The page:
VANCOUVER — Premier Christy Clark is defending her optimism on British Columbia’s fledgling liquefied natural gas industry, despite growing First Nations protests and sinking international demand.
Speaking at the third annual International LNG in B.C. conference, the premier maintained her rosy outlook in a speech to hundreds of business, government and aboriginal leaders in Vancouver.
“If you’re not from British Columbia, you won’t know that I’m always accused by my political opponents of being an optimist,” she said.
“It’s true. I am an optimist. I’m also a hard worker, because I know that optimism doesn’t get you anywhere unless you’re willing to roll up your sleeves and get the work done.”
The premier has staked her government’s future on the LNG industry, with promises of 100,000 new jobs and more than $100 billion in revenue over 30 years.
There are now 20 LNG proposals in the province, but they face numerous challenges including weakened Asian demand, low energy prices and threats of legal action from First Nations.
But Clark insisted Wednesday that global energy demand would continue to grow. She said B.C. LNG represents a cleaner alternative to coal and oil, as the province has set the toughest emission limits in the world.
She also touted the province’s 61 agreements with 28 First Nations along proposed pipeline routes and investments in environmental stewardship and job skills programs for aboriginal bands.
“First Nations in this country, as in many others, have been left out of the economic mainstream for way too long,” she said.
“The LNG opportunity truly does represent a chance to redress historical wrongs, to change the course of post-colonial history and make sure that First Nations are fully included in economic growth.”
Hours after Clark’s speech, the Squamish Nation announced it had granted its own legally binding environmental certificate for the Woodfibre LNG project on Howe Sound, about 60 kilometres north of Vancouver.
Chief Ian Campbell called the agreement “historic,” as the band had issued 25 conditions as part of a unique independent assessment. Woodfibre LNG has agreed to comply with the 13 conditions that apply to it, while negotiations continue with Fortis B.C. and the province.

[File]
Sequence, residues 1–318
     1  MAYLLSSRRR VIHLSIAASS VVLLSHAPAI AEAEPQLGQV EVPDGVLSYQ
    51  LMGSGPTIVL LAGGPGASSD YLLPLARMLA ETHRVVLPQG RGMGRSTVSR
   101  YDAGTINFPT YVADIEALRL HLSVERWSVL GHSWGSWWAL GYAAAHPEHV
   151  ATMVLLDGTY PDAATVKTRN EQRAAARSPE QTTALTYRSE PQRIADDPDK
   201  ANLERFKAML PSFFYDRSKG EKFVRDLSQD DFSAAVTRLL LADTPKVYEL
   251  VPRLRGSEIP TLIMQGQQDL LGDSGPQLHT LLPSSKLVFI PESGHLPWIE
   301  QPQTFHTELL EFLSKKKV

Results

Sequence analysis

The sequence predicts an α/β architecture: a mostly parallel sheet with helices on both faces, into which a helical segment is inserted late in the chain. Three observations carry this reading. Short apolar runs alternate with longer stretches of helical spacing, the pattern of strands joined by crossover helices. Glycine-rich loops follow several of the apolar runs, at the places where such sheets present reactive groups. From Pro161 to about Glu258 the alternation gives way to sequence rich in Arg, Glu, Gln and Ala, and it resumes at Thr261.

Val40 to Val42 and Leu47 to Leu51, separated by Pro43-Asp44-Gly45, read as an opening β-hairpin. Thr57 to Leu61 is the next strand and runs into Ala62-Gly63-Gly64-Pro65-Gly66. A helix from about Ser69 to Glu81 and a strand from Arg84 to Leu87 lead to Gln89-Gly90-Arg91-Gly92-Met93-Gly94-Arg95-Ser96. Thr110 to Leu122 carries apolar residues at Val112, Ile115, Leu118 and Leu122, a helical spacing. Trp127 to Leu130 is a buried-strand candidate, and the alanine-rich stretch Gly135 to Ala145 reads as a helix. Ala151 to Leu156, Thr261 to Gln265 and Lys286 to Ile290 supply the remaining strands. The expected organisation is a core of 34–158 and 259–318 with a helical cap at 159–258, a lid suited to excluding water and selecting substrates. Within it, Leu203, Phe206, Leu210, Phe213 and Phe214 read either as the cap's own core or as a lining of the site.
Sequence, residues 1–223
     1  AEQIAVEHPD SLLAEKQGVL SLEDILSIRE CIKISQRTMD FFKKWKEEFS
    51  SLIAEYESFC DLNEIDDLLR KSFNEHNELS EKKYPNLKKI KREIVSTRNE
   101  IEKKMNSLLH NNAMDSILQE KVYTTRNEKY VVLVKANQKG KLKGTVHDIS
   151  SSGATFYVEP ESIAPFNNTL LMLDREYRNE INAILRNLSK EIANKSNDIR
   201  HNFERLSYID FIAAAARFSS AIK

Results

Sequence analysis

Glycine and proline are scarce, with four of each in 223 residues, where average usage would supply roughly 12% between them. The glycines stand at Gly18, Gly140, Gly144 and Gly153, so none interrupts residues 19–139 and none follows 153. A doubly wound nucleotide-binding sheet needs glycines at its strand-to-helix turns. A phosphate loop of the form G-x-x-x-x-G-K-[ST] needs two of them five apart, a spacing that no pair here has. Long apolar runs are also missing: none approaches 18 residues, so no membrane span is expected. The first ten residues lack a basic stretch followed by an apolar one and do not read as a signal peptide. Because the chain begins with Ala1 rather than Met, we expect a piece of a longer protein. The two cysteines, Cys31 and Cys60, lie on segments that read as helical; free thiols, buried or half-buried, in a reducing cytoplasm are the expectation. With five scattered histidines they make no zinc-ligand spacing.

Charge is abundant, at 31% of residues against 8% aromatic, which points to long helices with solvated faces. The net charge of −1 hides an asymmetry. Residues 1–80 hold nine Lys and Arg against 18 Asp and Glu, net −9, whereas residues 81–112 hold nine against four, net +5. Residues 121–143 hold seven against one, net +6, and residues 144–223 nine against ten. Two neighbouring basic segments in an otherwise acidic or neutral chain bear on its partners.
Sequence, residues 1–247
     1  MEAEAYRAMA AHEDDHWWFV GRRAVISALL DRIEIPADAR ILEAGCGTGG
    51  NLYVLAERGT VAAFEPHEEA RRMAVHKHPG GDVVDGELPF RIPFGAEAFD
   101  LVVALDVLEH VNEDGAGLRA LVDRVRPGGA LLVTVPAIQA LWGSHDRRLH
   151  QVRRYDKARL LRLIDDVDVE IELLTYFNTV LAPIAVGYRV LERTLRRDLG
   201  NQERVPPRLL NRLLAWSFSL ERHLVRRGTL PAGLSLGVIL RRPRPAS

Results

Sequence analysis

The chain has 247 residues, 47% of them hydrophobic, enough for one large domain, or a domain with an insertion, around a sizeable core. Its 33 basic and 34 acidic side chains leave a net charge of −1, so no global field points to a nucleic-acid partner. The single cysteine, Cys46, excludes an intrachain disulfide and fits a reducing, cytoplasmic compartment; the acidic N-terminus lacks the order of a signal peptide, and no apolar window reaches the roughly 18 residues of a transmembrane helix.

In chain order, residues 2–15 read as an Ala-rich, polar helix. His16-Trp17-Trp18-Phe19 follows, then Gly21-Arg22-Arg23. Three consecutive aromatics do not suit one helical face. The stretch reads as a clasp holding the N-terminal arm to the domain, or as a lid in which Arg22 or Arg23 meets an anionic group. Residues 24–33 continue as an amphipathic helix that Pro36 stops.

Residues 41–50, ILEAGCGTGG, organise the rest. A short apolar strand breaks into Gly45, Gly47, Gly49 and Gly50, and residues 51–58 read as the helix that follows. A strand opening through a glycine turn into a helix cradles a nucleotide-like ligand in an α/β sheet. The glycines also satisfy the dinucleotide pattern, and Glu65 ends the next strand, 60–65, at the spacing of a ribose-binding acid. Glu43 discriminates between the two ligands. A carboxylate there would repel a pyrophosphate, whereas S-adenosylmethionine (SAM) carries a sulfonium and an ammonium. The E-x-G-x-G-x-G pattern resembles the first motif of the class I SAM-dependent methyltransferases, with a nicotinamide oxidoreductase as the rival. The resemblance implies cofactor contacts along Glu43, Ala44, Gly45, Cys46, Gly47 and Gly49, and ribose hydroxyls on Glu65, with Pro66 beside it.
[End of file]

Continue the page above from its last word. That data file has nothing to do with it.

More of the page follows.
Campbell said Clark’s comments signal that First Nations are finally being treated as partners rather than just stakeholders in resource projects. But he added that his nation still doesn’t fully support LNG.
“We’ve largely been alienated and marginalized from any meaningful decision-making or economic participation, or taking into consideration our thousands of years of stewardship of our lands and resources,” he said.
Several First Nations were to protest outside the conference on Wednesday evening, taking aim at the $36-billion Pacific NorthWest LNG project near Prince Rupert.
Richard Wright, a spokesman for the Luutkudziiwus — a group within the Gitxsan Nation — said it was planning to file a court challenge against the proposed Prince Rupert Gas Transmission pipeline project.
The pipeline would carry natural gas to the Pacific NorthWest LNG terminal, crossing 34.5 kilometres of territory known as Madii Lii, where a protest camp has been set up for 14 months.
Wright’s group will seek a judicial review in an attempt to overturn a provincial environmental certificate for the pipeline. It will argue the government should have consulted with the member nations rather than the Gitxsan Development Corp., a company created to represent Gitxsan economic interests.
“We have been pushed aside and oppressed for generations,” he said. “They feel that they can just talk to an organization that doesn’t have aboriginal rights, doesn’t have land, doesn’t have resources, nor a mandate to represent us.”
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Laura Kane, The Canadian Press